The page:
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The E-zekiel Technology Blog

E-zekiel Technology Blog

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E-zekiel Technology Blog

Sending Out a Call for Volunteers

Tuesday, September 25, 2007 View Comments Comments (0)
Churches are surely among the largest volunteer organizations of any type. Every Sunday, volunteers are keeping nurseries, teaching classes, greeting visitors, recording attendance, directing parking, running sound systems and so on and so on. The next few months will see these needs brought into greater focus with family festivals, Christmas programs, concerts and more.
While the need for people to fill volunteer slots may be never-ending, the use of forms on your E-zekiel site can help you collect names, contact information, interests and abilities for any volunteer area.
On a page promoting an upcoming Christmas performance, for instance, you could provide a drop-down menu of volunteer opportunities – costumes, set construction, parking attendees, donation collection, decorations, etc.  A site visitor could then choose how they want to help. Add a few identification fields for them to fill in, and you'll have a name you can call on whether it's for a critical assignment, a routine task or anything in between.

Beware of Insert Key

Friday, September 21, 2007 View Comments Comments (0)
Don't you hate when this happens?  You're typing along in, say, a Word document when a little slip of the finger causes you to overwrite the words you were trying to edit.  That's because you just pressed the Insert key, which is typically the default mode on a PC, and now you're in overwrite mode.  So the words and punctuation you'd usually be able to insert are now writing over what was already there.  The solution is simple:  press the Insert key again, and you're back in Insert mode.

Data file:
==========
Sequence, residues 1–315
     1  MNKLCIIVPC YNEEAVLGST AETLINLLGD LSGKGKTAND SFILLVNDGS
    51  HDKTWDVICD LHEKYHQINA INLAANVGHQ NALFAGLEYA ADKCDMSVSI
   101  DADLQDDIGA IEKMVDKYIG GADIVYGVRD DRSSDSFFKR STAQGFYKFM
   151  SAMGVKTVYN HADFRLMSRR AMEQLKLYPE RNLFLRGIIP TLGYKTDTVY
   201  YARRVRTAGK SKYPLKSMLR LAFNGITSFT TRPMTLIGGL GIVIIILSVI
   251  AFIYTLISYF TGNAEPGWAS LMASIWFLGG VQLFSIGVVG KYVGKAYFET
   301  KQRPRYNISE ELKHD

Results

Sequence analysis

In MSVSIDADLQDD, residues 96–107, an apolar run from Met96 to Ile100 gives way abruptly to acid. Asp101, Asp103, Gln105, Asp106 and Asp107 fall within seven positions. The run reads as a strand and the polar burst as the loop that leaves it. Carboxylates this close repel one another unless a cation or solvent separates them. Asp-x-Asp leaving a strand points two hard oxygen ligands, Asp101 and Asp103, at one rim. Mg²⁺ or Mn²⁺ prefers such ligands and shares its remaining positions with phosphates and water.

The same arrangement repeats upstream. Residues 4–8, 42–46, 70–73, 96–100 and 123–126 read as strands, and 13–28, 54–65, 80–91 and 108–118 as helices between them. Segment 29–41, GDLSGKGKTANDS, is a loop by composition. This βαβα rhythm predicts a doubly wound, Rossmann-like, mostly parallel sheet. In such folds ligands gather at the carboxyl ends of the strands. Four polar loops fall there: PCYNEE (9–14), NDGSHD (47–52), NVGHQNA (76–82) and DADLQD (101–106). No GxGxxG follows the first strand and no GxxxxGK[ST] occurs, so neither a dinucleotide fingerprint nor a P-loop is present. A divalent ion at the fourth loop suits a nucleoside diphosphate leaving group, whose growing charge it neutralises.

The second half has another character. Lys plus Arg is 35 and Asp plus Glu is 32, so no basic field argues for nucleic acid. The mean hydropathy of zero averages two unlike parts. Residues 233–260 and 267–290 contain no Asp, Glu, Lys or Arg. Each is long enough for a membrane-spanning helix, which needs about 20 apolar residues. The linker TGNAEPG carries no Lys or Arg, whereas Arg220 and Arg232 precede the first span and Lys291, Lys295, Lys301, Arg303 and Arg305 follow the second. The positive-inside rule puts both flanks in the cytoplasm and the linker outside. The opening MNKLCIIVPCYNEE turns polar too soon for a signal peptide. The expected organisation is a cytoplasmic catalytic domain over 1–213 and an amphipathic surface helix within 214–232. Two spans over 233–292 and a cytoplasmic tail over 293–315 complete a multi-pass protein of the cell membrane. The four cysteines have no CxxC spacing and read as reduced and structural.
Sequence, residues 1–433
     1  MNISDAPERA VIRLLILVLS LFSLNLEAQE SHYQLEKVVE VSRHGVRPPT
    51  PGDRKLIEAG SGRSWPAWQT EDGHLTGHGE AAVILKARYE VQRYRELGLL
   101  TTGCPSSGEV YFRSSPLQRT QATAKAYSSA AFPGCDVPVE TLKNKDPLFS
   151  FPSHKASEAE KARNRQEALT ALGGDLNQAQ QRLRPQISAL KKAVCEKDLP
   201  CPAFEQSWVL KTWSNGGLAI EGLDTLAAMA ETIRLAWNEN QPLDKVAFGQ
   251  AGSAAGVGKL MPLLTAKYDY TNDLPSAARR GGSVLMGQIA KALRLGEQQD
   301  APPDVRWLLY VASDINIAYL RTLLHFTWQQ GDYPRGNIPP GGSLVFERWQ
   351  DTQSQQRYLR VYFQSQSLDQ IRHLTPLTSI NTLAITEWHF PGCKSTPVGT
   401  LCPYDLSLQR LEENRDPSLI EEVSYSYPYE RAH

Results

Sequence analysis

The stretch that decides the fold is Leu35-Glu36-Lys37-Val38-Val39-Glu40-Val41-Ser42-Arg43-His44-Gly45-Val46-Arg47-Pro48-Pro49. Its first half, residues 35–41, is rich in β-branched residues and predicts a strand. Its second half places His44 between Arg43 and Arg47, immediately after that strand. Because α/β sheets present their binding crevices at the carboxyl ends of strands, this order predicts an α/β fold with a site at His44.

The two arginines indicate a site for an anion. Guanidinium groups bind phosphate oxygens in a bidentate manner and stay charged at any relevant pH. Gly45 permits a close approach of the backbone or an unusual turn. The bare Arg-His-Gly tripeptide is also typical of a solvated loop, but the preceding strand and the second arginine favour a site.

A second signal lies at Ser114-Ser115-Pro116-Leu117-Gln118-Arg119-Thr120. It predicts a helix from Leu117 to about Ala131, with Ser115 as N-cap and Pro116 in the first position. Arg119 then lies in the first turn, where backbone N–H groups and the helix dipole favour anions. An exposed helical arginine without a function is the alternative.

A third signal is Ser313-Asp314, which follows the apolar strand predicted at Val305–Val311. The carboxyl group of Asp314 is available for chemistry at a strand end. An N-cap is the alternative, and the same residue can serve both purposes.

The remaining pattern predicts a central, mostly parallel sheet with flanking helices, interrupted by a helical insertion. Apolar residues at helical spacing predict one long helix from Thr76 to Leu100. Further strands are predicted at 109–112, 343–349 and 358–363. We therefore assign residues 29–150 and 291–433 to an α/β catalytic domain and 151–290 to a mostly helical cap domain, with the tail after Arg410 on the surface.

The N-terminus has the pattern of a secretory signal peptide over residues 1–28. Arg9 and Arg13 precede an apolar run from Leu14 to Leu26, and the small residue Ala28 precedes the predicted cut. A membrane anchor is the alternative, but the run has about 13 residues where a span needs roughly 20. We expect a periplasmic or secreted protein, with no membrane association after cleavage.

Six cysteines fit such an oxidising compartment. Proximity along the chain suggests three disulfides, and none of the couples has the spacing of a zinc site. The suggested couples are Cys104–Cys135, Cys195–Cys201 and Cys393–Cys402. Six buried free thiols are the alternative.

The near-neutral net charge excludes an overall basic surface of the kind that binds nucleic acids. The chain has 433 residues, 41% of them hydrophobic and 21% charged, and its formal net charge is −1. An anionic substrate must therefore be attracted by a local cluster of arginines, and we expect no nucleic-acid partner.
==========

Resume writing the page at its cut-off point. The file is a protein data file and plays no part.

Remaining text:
Email Spell Check Shortcut

Friday, September 14, 2007 View Comments Comments (0)
Proofreading is a necessary, yet time-consuming, task. Our haste in writing emails can easily lead to the most common reason to proofread - spelling errors.

So why not let the computer help? For Windows users, try F7. When you're typing in an email program like Outlook, just hit the F7 key to spell check before you send. Mac users will notice spell check happens automatically when they mistype a word by seeing a dashed red underline. A quick right click (or control click) on the word will show you possible corrections.

Save Early and Often

Tuesday, September 11, 2007 View Comments Comments (0)
If you're editing your website on a computer that's not easily accessible by others, you should consider checking the "Keep Me Logged In" box on the login screen. Otherwise, you will want to remember to save early and often to avoid losing your work. That's because when the "Keep Me Logged In" box is not checked, your editing session will automatically end after 20 minutes of inactivity to keep your website content safe. Each time you save, navigate to a new page or switch managers the application extends your session by another 20 minutes.

Toggling between programs

Friday, September 07, 2007 View Comments Comments (0)
Today's computers are loaded with programs that keep us working efficiently, connect us to the world, and let us enjoy a little entertainment all at the same time.  So when you've got your email, your web browser, your music player and your latest presentation in the works, what's the quickest way to move from one program to another?  Well, it begins with the most fun-sounding word in all of computer-land:  toggle.
To toggle from one program to another, simply press Alt + Tab (that's for PC users; Mac users press Cmd + Tab).  Your computer screen will display a box showing all the programs and files you have open.  While keeping the Alt key pressed down, you press the Tab key to move from one program to the next until you reach the one you want.  Release the Alt key, and that's the program that comes up.

How to Find What You're Looking For

Friday, August 31, 2007 View Comments Comments (0)